The only bad move I made was serving it for dinner. It was more time-consuming to prepare than I had imagined. By the time we got to the rolling stage, I was tired and cranky. Jasper kept knicking all the avocado which he loves and Lily wanted to help smoosh out the rice with the palms of her hands! Lovely! Still the finished product tasted pretty good, even if it left a little to be desired aesthetically. We made three types of nori rolls - tuna, avocado and avocado and carrot. Not bad at all.

Monday, 7 January 2008

Off to a good start

It felt weird to be taking Lily back to school today. I'm used to January being a lazy month gearing up to a return to kindergarten or the like at the end of January. Nope, straight back into it today. Which is fine, as we have holidays again in February and we will be off to La Clusaz for a week. Have I mentioned already that we have demi-pension - no cooking for me for a week. That's what I call a real holiday!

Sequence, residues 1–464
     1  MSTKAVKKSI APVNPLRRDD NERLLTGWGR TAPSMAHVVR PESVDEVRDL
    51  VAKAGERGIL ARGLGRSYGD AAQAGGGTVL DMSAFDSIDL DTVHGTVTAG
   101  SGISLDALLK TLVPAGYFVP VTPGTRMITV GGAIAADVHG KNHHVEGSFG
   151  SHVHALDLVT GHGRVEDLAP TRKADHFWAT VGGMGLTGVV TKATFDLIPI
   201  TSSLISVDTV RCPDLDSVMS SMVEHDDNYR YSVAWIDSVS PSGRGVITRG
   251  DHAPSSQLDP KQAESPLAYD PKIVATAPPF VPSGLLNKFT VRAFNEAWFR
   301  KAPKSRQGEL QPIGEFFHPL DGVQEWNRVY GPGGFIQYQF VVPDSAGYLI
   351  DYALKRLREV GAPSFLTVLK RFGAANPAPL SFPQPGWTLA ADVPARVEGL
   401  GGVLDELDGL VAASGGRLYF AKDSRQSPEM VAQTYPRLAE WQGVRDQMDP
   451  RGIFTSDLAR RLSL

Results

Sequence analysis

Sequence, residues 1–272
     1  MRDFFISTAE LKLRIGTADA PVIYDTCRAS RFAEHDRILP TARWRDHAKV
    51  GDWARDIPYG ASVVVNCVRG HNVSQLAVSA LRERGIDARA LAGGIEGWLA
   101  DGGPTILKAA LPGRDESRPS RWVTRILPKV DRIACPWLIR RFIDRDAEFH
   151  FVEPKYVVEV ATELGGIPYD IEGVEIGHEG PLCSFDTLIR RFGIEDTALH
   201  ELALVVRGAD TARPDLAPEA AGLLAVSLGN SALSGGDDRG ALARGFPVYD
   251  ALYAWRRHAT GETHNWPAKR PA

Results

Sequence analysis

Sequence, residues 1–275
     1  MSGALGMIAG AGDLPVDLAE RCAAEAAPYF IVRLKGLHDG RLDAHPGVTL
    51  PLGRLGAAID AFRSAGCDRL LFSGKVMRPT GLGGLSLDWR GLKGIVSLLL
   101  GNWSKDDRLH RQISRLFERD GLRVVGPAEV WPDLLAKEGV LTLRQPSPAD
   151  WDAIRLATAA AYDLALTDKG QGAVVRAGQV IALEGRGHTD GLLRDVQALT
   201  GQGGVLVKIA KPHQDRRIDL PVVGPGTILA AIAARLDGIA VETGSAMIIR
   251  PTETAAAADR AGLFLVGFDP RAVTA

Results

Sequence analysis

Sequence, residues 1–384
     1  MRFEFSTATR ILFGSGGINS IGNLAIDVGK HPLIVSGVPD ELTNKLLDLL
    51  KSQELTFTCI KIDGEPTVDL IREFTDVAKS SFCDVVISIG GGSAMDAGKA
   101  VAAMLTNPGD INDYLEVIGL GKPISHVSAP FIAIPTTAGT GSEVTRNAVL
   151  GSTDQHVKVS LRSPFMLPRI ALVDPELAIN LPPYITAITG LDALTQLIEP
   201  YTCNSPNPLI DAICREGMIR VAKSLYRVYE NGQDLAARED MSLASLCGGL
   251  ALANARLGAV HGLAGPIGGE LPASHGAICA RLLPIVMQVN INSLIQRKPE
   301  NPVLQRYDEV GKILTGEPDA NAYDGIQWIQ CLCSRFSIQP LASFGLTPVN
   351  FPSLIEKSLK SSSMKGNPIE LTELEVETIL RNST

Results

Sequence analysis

Lily went back to school with a huge smile on her face, as usual. Tonight she starts gymastics. This will be interesting. I cant quite get my head around kid's activities that start at 5pm. I'm used to scurrying home and starting dinner at that time. But she's very excited and will hopefully last the hour without a complete meltdown.

After a quick breakfast at my favourite patisserie this morning, David, Jasper and I went to check out the parent/kid playspace which was once again empty as a new course of toddler gym had started. So now that he has reached the age limit, we wandered over and joined the class and Jasper had a blast. He seems to be coming out of his shy phase and was very happy climbing and running around. So all I need to do is enrol him this week and we will be all set with a Monday morning activity. How hard can it be to enrol a 20 month old in toddler gym, you ask? I'll tell you on Wednesday!

As for me, in keeping with my plan to listen to more french, I bought a little transistor radio on the weekend and today found an interesting talk-back show. I got a bit lost at first but soon worked out I was listening to a sexologist - the woman who found out her daughter was a lesbian and the man who talked about going to the chemist to buy a patch de testo were a bit of a giveaway!

It could be a very interesting way to improve my french!

demi-pension - half board - 2 meals a day!
patch de testo - testosterone patch - I'm guessing!

Saturday, 5 January 2008

Back home